The DOJ release said that part of StealthGenie’s marketing plan was to sell to customers who suspect their significant others are cheating on them.

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Why Mitt Romney, Barbra Streisand and Karl Rove Keep Emailing You


ABC/Donna Svennevik(NEW YORK) -- You’ve been getting a lot of emails, so I’ll make this quick:

These past few days Mitt Romney has been flooding inboxes with emails that begin exactly like the sentence above. The chances you’ve received an email from Mitt Romney are high if you have subscribed to any Republican political e-mail list.

So why has the former GOP presidential nominee been personally reaching out?

The inbox barrage is all part of an effort to boost campaign, party and committee donations before Tuesday’s deadline. Sept. 30 marks the Federal Election Committee’s final quarter report – the fundraising cutoff for campaigns to tout their fundraising prowess before the November election.

Mitt Romney has sent three emails out so far for the National Republican Congressional Committee. And Daniel Scarpinato, the group’s national press secretary, told ABC News that Romney has been effective in raising money, raking in more contributions than anyone else emailing the same list.

“It’s no surprise he’s our number-one sender because a lot of Americans want to see him as president,” Scarpinato said.

But Romney isn’t the only one sending email.

A big contributor to Democratic candidates, actress and singer Barbra Streisand, recently hit up inboxes to support New Hampshire incumbent Sen. Jeanne Shaheen. The subject line read, “I’m asking for a favor.”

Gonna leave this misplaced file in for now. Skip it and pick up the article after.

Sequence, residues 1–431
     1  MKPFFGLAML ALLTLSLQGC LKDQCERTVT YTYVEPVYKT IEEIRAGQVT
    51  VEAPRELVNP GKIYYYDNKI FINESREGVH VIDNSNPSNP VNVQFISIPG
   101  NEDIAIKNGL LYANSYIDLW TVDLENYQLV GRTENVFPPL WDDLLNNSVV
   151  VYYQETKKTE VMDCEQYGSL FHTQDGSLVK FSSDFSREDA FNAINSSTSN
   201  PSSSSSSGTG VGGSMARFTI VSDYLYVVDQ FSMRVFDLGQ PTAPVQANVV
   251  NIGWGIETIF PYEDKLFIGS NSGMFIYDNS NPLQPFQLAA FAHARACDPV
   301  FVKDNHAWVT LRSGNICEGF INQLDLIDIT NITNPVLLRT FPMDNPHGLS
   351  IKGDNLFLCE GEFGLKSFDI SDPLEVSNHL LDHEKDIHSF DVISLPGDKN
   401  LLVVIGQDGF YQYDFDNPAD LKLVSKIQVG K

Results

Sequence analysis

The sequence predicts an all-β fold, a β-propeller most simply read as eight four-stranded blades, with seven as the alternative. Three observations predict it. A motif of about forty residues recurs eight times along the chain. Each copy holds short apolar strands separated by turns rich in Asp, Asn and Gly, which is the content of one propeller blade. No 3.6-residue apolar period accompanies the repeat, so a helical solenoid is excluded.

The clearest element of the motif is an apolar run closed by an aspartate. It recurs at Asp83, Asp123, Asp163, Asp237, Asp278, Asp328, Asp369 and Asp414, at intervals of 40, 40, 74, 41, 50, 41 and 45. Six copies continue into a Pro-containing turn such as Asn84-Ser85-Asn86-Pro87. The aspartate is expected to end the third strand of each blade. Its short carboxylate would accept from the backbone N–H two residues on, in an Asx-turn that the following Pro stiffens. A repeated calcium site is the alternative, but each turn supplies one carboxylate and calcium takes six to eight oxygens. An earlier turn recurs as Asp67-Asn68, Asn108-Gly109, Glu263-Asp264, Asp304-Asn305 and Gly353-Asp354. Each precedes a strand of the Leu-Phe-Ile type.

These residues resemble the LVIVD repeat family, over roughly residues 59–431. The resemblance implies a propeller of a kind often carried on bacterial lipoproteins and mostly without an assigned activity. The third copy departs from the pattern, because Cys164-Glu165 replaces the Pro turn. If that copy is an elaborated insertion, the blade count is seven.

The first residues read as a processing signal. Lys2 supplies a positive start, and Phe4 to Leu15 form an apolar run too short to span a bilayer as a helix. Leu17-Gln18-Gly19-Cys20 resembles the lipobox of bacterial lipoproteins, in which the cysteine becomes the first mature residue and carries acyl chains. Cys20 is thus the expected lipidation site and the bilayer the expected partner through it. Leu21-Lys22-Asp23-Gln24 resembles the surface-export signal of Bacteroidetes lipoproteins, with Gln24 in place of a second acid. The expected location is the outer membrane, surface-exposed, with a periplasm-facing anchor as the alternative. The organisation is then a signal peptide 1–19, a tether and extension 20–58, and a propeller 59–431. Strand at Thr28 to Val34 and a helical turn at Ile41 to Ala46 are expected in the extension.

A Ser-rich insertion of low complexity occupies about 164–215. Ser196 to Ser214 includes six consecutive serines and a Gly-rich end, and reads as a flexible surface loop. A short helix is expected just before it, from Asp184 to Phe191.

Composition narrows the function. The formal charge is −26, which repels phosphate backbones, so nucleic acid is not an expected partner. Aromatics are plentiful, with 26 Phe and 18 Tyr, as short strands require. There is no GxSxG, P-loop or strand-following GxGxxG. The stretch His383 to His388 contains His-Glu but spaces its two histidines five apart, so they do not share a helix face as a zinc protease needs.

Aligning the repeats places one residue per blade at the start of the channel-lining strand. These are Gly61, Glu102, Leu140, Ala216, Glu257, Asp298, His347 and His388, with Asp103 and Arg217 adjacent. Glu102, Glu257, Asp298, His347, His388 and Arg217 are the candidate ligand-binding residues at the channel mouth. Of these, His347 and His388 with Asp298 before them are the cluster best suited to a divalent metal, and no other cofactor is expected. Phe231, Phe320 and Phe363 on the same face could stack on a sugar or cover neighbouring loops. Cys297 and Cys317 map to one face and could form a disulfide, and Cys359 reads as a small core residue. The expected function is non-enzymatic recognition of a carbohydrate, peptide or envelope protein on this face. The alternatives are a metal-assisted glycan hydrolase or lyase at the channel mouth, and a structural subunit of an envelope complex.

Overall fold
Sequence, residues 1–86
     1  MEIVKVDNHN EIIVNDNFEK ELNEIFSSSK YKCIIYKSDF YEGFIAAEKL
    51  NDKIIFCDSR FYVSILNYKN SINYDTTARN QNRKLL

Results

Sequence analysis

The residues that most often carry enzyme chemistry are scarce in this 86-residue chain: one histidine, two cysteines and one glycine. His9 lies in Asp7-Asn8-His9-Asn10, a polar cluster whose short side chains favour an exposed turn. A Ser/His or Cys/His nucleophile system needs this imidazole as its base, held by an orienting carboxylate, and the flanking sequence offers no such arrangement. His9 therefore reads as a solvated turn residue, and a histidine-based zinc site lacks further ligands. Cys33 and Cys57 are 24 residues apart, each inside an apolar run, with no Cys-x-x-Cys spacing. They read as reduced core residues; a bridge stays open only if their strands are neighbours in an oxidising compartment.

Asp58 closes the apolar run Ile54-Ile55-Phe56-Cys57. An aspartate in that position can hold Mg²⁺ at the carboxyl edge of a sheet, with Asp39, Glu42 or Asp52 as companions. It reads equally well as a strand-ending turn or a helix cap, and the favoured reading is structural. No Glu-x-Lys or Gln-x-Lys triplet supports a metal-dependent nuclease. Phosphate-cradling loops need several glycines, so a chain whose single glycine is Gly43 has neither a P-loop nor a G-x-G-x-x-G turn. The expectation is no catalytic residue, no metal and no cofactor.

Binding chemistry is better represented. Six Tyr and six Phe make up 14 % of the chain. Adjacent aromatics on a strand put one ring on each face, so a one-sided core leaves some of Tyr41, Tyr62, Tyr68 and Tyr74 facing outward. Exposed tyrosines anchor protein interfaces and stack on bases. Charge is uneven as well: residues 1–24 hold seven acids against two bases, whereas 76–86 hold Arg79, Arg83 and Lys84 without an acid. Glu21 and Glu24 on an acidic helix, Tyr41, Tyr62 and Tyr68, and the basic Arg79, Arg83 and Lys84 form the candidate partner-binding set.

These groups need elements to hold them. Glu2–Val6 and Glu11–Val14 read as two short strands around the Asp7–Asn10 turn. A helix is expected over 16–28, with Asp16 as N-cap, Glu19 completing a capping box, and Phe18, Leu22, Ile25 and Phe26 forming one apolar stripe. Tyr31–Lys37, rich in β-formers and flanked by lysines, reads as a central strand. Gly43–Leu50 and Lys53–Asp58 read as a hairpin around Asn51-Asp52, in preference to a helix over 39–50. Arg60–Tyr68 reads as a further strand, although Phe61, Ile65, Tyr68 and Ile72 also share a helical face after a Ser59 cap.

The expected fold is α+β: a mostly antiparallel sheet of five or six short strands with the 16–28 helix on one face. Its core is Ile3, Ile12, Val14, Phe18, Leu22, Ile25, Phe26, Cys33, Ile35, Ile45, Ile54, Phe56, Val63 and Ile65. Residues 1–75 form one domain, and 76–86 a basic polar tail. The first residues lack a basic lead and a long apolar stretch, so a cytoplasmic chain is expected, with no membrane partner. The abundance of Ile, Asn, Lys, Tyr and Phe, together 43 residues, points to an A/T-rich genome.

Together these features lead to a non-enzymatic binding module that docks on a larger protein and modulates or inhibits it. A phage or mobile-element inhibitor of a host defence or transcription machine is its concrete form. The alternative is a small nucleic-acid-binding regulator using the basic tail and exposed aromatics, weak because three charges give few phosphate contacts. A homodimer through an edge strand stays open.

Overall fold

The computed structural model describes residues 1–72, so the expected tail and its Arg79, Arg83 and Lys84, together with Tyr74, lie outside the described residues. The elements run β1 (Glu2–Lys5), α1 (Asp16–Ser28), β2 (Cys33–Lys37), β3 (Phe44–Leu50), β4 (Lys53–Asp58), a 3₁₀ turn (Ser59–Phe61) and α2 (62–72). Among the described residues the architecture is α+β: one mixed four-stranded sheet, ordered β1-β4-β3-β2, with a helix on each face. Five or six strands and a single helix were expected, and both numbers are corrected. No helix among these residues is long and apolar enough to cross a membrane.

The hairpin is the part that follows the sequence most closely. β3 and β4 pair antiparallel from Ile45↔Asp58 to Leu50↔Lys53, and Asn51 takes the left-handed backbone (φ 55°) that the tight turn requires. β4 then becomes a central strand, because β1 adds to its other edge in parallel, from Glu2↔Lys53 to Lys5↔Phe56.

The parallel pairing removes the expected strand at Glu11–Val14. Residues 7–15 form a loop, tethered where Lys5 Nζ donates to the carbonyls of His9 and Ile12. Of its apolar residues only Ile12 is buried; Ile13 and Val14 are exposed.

The message began:

“Hi, Friends – It’s me, Barbra. I was struck by something and had to write: My friend Jeanne Shaheen, the first woman to be elected both as a governor and U.S. senator, is facing attacks from right-wing men desperate to undo 30 years of social progress.”

Former George W. Bush political guru Karl Rove expressed urgency in an email sent on behalf of the National Republican Senatorial Committee -- “TIGHT AS A TICK.” (Note the all-caps).

“President Obama’s approval ratings keep dropping, no reliable poll shows battleground Senate Democrats with over 50% support, and GOP voters are excited to cast their ballots in 41 days,” Rove wrote. “The midterm environment is toxic for Democrats, yet there’s a chance Republicans may not take the Senate.”

And then there was singer Carole King’s email for New York candidate Domenic Recchia’s campaign, which was much more personal. The New York native recalled trips to Staten Island where she played on the swings, wolfed down hot dogs, and felt the strong sense of community.

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Supreme Court Reinstates Early Voting Restrictions in Ohio


zimmytws/iStockphoto/Thinkstock(WASHINGTON) -- In a tight split decision, the U.S. Supreme Court voted on Monday to allow early vote restrictions to go into effect in Ohio.

According to a court order, the court, by a vote of 5-4, granted a request from state officials asking for a stay of a lower court decision. By issuing the stay, even temporarily, a new, shorter voting period is put into effect for the November election.

The stay will be in effect pending a ruling on a petition for a writ of certiorari that will be filed by the state, which will not happen prior to the upcoming election.

Justices Ruth Bader Ginsberg, Stephen Breyer, Sonia Sotomayor and Elena Kagan said they would have denied the application for a stay.